Well… I suppose it’s mostly typical “factory folklore” stuff, but I saw it first hand. Guys would get cut by the fish slicers (but no one lost any fingers, thankfully), and bleed into the fish. Slimers would let fish pass untouched (slimers had to slice the blood line insode the fish along the spine and scoop out the sludge). Didn’t realy matter how bad the condition of the fish, they just got processed anyway. Then there’s the whole thing about bones and skin being cooked into the cans that I just cant’ stomach. I worked at another fish processing plant in southeast Alaska that basically just froze the fish. They were a lot more picky about the quality (since you could see the whole fish, poor quality was more obvious). We’d get at least 3 fish a day with huge tumors in them – golf-ball sized things. Well, do you suppose the other guys pulled those fish from the lines? Geez, that’s stuff I’ve tried to forget for years. Any way, there’s a reason that the canned salmon is cheaper than fresh – it’s usually the poorer quality fish, like half dead before they were caught. Turns my stomach just thinking about it.
I’ve got news for you guys…if you think salmon canneries are disgusting and you’ll never eat salmon from the can, imagine how much worse meat and poultry are, then you’ll be eating the fish 24/7. I buy the 14.75oz cans of pink salmon, throw out the bones, mash it up in some mustard or low-fat mayo, and suck it down. I can’t afford the same quantity of the fresh stuff. There are horror stories from every food industry.
I’m sure you’re right, but seeing it first hand just made it too real for me.
If you can get it, get it smoked. It doesn’t require any cooking and is DEE-LICIOUS. Careful where you get it though. Most retail places are way too expensive to buy it in quantity and you probably don’t want smoked fish from some grease-monkey’s backyard oil-pan smoker. Best bet-catch it and smoke it yourself. That is, if it’s practical for you, of course.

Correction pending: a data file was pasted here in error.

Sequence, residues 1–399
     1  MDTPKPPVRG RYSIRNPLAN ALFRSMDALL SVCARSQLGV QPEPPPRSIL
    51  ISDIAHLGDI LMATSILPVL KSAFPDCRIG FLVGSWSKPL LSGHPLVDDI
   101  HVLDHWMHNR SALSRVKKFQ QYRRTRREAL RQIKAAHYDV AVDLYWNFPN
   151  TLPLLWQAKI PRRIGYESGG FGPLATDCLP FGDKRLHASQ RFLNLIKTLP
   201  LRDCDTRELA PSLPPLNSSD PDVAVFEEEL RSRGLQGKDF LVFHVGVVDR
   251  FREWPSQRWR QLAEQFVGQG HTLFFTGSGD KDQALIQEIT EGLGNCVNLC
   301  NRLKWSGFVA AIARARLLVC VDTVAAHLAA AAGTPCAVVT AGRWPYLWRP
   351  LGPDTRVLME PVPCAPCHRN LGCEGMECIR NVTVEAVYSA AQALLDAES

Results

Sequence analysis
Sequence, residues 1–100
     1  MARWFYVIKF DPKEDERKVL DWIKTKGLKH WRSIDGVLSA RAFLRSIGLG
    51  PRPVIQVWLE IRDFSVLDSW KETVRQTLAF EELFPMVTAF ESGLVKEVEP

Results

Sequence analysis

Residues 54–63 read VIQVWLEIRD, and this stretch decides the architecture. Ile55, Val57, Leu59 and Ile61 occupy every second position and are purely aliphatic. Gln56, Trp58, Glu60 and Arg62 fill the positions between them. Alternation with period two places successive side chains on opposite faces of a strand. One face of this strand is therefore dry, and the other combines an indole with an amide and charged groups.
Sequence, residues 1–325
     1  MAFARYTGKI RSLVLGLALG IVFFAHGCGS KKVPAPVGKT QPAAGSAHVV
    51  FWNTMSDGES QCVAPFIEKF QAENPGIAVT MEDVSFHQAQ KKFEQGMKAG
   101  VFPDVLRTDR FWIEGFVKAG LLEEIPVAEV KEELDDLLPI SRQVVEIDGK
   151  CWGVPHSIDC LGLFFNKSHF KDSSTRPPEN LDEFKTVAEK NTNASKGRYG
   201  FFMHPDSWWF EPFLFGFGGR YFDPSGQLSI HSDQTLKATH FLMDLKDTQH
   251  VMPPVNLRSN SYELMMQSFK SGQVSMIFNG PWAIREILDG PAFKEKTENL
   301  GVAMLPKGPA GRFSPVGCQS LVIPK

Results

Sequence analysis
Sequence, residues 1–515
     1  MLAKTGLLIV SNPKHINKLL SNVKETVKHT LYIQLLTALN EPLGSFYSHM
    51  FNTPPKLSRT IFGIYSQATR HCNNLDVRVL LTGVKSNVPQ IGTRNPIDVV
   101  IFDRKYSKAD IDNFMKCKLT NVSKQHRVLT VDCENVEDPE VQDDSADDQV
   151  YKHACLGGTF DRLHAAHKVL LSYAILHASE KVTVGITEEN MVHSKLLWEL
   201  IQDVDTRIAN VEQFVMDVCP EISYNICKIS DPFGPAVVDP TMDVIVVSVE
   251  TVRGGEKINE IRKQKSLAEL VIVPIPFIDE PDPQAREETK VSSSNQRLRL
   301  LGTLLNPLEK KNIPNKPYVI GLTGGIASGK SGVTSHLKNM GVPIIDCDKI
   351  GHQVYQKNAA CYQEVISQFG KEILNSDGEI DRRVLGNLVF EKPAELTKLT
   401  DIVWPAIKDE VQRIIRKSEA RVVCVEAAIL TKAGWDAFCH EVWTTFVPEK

grilled salmon steaks
I’ll never eat canned salmon again. Please…save the chicken and meat horror stories, otherwise I’ll be living on protein shakes for the rest of my life. All of this does bring up a good point, though: the food industry is pretty f&**ed up, isn’t it? I feel like I should either start growing/killing my own food so I know what I’m eating. Then again…I’ve been eating the same foods my whole life and so far nothing has killed me. Hmmm.
I just got my first issue of Mother Jones magazine, and it has an article about the dangerous nature of working in a meat packing plant. It is a good read and it really makes you wonder what goes on in those plants if they won’t even stop the processing line for serious bodily injuries.
Keep in mind that if your buying farmed salmon
it’s fatty acid profile is going to suck compared to wild.
About those protein shakes: Have you seen what goes on in those dairies??? You better milk your own cow my friend! (Just kidding!)
Actually, our food supply is safer now than at probably any time in history, unless you were a farmer and growing your own. The French devoloped all their sauces as a cover for rotted meat. I think it was Upton Sinclair who did an expose on slaughter houses around the turn of the century which led to government inspections. Unfortunately, inspection rests on meagre sampling so we are still largely at the mercy of the food handlers’ sense of ethics, but we are still way ahead of our forefathers. What really irks me is that irradiation would cure alot of problems cheaply, but the anti-nuke know-nothings miseducate the public about it. Imagine never having another salmanella or e. coli outbreak and strawberries that remain fresh for weeks!
(Imagine companies picking strawberries when they are actually ripe instead of when they are green because they no longer have to consider the amount of rotting that occurs in shipping non-irradiated fruit.) We don’t have these things because some people insist on connecting irradiation with the dangers of nuclear reactors and bombs–and the public is too poorly educated to dismiss the lies.